– among foreign nationals Jamaican and Americans account for the largest segment of the Canadian prison population.  


  13. Frank says:

    And we should remove the visa restriction???

    • Anymous says:

      20: 19  Ye dogone right.  Rome what visa, are you people crazy or  what, wanting to sell your souls for a fist full of dollars.

      Go ahead and remove that visa and see what happen.  Crazy.

    • Anonymous says:

      Yes sweetie, i agree we should keep the visa restrictions for Jamaicans and allow the blue eye blondies to come in free; they are not coming to committ any crime, only to use the poker machine card at our ATMS, only to sell property that are not theirs, only to come in with black money and the list goes on- oops what am I talking about, these are not crimes; these were some kind of mistake, crimes are only committed by Jamaicans.


      • Diplomat says:

        I say remove the "visa restrictions" because it didn't help crime here one bit!  The restrictions has only put a wedge between us and Jamaica. One day we may just need Jamaica again to help us with infrastructure and economy like it did in the 1960's. And besides most of the crimes committed in Cayman are by a mixture of other locals / Caymanians. We need to keep strong relations with not only the UK, but Jamaica as well. I know for certain that they will not just throw us on the wayside. Jamaican are closer to us than US, UK, and Canadian citizens.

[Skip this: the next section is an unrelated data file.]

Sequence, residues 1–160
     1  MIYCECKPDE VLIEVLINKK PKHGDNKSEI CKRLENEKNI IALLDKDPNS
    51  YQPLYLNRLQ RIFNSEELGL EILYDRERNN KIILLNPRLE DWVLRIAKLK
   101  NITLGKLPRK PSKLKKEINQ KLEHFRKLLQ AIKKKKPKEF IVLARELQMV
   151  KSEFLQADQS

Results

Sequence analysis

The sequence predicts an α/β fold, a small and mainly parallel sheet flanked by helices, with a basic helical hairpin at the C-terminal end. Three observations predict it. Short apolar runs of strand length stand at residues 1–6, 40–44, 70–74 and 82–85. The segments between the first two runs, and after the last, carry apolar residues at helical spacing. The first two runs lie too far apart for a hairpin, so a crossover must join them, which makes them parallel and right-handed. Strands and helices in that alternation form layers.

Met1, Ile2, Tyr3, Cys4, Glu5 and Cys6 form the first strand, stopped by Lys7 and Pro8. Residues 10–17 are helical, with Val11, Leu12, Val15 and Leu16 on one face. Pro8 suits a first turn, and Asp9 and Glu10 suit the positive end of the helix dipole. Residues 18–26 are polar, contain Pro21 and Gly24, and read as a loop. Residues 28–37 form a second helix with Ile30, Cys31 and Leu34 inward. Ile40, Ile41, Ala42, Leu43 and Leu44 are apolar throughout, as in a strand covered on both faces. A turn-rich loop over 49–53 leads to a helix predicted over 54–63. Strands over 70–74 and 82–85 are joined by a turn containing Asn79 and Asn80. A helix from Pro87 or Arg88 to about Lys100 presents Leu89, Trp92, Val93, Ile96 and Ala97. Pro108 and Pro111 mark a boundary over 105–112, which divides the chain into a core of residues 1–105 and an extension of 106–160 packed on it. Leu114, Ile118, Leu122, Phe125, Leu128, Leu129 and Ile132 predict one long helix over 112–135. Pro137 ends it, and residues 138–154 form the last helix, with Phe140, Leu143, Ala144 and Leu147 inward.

• Anonymous says:

          We don't know that it didn't help crime one bit. However, we do need to constantly review to see that is as effective as possible in screening out undesirables. However, a visa by itself will not be sufficient to protect our borders. If guns anddrugs are being landed by canoe there is no reason to rule out criminals similarly being landed.   

          Please stop making statements about who is committing most of the crimes in Cayman. You don't know and I don't know since few of them are caught. We can only speculate. When the culprits were speaking with Jamaican accents it was argued that they could be other nationals imitating Jamaicans. Now that we hear that some of the culprits are speaking with Caymanian accents that must be equally inconclusive.  

  14. Anonymous says:

    Cayman stopped being Little Jamaica a long time ago it has how become the United Nations.  There is a representative from every country that make up the united nations and every demands and is allowed and demands free speech, equal time and the right to vote.

    Cayman is becoming more like the Middle East and Asia major/minor.

    • slowpoke says: